31: Agrarian Civilizations in Other Regionsabsence of obvious palaces or royal tombs limits our understanding of the political system. The Indus Valley civilization collapsed early in the 2nd millennium. Overpopulation may have caused ecological collapse through deforestation, erosion, À ooding, and deserti¿ cation.The earliest Agrarian civilizations in China emerged along the Yellow River, whose fertile “loess” soils formed from dust blown in from Inner Asia. Agriculture was productive, but À ooding was a perennial problem. Chinese traditions describe two ancient dynasties, the Xia and Shang. Cities and states appeared along the eastern Yellow River late in the 3rd millennium. The Xia dynasty was probably one of several regional kingdoms. Its capital, at Erlitou, has been recently excavated. The Shang dynasty ruled for much of the 2nd millennium B.C.E. Bronze metallurgy and horse-drawn chariots, as well as wheat and barley, may have arrived from the West. The Shang controlled many cities. They had large armies equipped with mass-produced weapons and armor, and they built massive royal tombs and palaces. There may have been other similar kingdoms in other regions of China. Shang writing, using symbols carved on tortoise shells or other bones, can still be read today. Here, writing was linked to divination, a skill highly valued in rulers. Rituals were important, but deities and priests played a smaller role than in Mesopotamia or Egypt.Agrarian civilizations appeared later, but quite independently, in two regions in the Americas. We will survey these civilizations in more detail in
Thirty-Seven. “Mesoamerica” includes southern Mexico and parts of Central America. The ¿ rst incipient civilizations appeared among the “Olmec” during the 2nd millennium B.C.E. In the 1st millennium, cities and states also appeared in the Oaxaca valley, in modern Mexico. By the 1st millennium C.E., there were cities and states throughout Mesoamerica. Here, great river valleys played a lesser role than in Afro-Eurasia, though techniques for increasing agricultural productivity included forest clearance and the creation of large arti¿ cial swamplands. In the Andes, state systems emerged in the 1st millennium B.C.E. along the arid coasts of Peru (where they relied largely on ¿ shing) and in the Andean uplands around Lake Titicaca (which relied on maize, potato, and quinoa). Exchanges of crops and other goods between lowland and upland regions laid the foundations for the ¿ rst large empires.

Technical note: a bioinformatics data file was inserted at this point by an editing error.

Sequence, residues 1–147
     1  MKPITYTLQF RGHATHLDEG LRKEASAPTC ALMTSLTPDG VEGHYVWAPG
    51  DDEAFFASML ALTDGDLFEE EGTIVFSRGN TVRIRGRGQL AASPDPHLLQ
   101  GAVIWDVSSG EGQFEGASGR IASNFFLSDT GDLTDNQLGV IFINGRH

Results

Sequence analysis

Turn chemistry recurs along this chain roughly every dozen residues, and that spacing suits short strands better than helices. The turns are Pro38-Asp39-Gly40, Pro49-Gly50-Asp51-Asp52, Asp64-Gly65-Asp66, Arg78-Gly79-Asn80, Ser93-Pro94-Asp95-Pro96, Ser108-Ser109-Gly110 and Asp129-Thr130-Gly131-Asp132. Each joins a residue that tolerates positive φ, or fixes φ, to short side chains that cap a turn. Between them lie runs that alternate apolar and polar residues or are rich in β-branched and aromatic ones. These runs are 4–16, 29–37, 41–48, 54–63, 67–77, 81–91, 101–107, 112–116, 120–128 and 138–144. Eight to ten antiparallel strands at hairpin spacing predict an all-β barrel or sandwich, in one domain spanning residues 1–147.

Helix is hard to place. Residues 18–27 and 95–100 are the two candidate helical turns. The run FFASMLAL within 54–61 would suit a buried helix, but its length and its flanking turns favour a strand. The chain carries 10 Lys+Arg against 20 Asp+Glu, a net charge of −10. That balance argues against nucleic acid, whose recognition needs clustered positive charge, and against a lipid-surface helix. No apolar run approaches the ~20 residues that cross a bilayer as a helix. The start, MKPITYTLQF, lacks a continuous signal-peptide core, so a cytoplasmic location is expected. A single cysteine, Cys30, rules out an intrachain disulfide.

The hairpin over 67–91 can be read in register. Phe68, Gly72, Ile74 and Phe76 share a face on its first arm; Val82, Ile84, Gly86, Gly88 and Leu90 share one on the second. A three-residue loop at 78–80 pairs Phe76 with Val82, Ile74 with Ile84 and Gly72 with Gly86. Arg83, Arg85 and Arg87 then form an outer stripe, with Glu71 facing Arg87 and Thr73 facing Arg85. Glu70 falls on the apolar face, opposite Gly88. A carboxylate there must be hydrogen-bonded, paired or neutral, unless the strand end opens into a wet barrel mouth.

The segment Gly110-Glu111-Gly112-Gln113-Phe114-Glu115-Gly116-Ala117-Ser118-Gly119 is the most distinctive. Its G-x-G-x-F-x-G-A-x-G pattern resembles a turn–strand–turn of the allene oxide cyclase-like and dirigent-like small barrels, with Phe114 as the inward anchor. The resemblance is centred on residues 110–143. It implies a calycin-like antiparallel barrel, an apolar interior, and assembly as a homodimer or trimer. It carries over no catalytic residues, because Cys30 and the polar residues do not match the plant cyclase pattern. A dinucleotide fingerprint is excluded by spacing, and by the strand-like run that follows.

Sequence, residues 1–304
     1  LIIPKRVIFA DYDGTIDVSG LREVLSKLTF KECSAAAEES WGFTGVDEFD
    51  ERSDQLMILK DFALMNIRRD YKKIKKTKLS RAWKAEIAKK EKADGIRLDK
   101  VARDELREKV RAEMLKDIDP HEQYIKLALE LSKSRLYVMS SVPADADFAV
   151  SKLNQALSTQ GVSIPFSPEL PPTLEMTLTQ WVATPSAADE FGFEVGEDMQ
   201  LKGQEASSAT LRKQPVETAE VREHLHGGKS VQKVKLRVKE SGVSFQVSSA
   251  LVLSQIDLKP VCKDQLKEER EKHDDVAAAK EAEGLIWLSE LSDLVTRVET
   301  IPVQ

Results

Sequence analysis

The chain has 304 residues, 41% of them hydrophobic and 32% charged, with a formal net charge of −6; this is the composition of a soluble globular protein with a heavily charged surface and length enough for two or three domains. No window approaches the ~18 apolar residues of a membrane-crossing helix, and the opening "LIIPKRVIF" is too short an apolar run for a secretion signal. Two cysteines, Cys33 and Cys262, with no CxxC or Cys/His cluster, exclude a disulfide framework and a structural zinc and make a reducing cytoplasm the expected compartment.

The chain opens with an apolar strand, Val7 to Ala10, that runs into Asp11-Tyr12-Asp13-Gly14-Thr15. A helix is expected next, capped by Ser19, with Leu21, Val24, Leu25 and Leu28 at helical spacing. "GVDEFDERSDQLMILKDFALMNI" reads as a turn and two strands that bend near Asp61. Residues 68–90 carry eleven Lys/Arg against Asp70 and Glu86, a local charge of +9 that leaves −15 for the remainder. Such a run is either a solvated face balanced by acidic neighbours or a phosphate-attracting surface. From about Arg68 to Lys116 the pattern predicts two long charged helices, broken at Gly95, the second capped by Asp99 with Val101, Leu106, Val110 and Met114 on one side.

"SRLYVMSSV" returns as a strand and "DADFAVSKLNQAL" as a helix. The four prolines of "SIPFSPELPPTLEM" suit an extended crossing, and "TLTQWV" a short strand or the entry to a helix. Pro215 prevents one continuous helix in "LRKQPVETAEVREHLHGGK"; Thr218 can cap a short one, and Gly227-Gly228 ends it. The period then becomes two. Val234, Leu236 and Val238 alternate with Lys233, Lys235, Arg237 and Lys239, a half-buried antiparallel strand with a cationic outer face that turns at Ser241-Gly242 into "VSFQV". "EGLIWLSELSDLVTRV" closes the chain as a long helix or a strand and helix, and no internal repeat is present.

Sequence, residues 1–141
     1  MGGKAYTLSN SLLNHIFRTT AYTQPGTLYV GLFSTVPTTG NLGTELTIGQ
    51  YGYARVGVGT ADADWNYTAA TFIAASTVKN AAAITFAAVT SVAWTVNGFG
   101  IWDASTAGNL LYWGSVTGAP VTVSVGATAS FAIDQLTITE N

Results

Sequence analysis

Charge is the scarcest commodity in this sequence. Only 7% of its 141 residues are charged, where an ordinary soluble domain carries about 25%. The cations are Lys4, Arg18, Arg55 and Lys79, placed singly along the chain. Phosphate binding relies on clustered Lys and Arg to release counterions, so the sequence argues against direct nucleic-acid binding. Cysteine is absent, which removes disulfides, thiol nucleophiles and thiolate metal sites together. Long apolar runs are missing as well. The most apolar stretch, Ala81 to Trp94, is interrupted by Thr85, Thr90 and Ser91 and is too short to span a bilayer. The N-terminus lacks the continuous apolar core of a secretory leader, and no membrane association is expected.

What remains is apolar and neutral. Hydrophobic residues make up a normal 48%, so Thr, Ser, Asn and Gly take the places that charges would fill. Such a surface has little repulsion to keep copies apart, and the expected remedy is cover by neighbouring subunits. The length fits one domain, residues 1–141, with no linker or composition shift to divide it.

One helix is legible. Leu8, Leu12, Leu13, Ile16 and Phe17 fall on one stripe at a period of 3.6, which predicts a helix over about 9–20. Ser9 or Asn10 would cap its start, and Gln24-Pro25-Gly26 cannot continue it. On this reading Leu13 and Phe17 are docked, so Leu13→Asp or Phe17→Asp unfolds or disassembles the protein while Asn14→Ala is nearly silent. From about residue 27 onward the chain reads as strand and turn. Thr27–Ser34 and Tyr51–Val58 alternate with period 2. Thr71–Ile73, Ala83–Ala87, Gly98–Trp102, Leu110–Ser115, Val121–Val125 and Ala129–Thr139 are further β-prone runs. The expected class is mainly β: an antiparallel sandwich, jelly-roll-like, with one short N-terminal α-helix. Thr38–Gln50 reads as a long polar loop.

145The Inka Empire, which À ourished in the 15th and early 16th centuries C.E., was the ¿ rst to link these centers into a single political system.This brief tour of some of the earliest Agrarian civilizations hints at their variety. But there were also some remarkable similarities, which we return to in the next lecture. ŶBentley and Ziegler, Traditions and Encounters, chaps. 3–6.Christian, Maps of Time, chap. 9.Fagan, People of the Earth, chaps. 15–18, 21, 22.Brown, Big History, chap. 6.Fernandez-Armesto, The World, chap. 4.Mann, 1491.1. What were the most important differences between the earliest regions of Agrarian civilization?2. How important was religion in the appearance of Agrarian civilizations? Essential Reading Supplementary Reading Questions to Consider